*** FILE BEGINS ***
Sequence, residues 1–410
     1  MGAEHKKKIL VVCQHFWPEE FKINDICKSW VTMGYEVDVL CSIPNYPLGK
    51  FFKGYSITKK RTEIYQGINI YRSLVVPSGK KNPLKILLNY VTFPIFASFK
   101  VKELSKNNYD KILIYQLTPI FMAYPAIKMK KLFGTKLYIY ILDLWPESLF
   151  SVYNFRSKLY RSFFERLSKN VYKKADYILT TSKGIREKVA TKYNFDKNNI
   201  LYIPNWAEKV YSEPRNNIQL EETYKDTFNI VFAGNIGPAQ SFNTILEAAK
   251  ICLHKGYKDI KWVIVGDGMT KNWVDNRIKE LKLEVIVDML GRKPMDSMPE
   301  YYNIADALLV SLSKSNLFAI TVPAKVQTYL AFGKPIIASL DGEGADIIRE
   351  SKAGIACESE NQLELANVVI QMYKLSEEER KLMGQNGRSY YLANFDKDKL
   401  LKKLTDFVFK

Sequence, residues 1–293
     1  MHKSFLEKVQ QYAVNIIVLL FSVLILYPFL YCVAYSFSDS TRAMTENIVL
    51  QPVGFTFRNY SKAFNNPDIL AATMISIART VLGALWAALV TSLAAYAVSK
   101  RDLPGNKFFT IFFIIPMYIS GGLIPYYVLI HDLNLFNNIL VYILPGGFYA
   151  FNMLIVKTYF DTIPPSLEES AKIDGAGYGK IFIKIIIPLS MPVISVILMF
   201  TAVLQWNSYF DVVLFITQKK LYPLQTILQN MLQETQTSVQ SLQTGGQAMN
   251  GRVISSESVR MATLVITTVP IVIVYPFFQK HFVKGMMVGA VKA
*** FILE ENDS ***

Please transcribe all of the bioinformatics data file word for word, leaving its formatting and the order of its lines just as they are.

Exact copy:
Sequence, residues 1–410
     1  MGAEHKKKIL VVCQHFWPEE FKINDICKSW VTMGYEVDVL CSIPNYPLGK
    51  FFKGYSITKK RTEIYQGINI YRSLVVPSGK KNPLKILLNY VTFPIFASFK
   101  VKELSKNNYD KILIYQLTPI FMAYPAIKMK KLFGTKLYIY ILDLWPESLF
   151  SVYNFRSKLY RSFFERLSKN VYKKADYILT TSKGIREKVA TKYNFDKNNI
   201  LYIPNWAEKV YSEPRNNIQL EETYKDTFNI VFAGNIGPAQ SFNTILEAAK
   251  ICLHKGYKDI KWVIVGDGMT KNWVDNRIKE LKLEVIVDML GRKPMDSMPE
   301  YYNIADALLV SLSKSNLFAI TVPAKVQTYL AFGKPIIASL DGEGADIIRE
   351  SKAGIACESE NQLELANVVI QMYKLSEEER KLMGQNGRSY YLANFDKDKL
   401  LKKLTDFVFK

Sequence, residues 1–293
     1  MHKSFLEKVQ QYAVNIIVLL FSVLILYPFL YCVAYSFSDS TRAMTENIVL
    51  QPVGFTFRNY SKAFNNPDIL AATMISIART VLGALWAALV TSLAAYAVSK
   101  RDLPGNKFFT IFFIIPMYIS GGLIPYYVLI HDLNLFNNIL VYILPGGFYA
   151  FNMLIVKTYF DTIPPSLEES AKIDGAGYGK IFIKIIIPLS MPVISVILMF
   201  TAVLQWNSYF DVVLFITQKK LYPLQTILQN MLQETQTSVQ SLQTGGQAMN
   251  GRVISSESVR MATLVITTVP IVIVYPFFQK HFVKGMMVGA VKA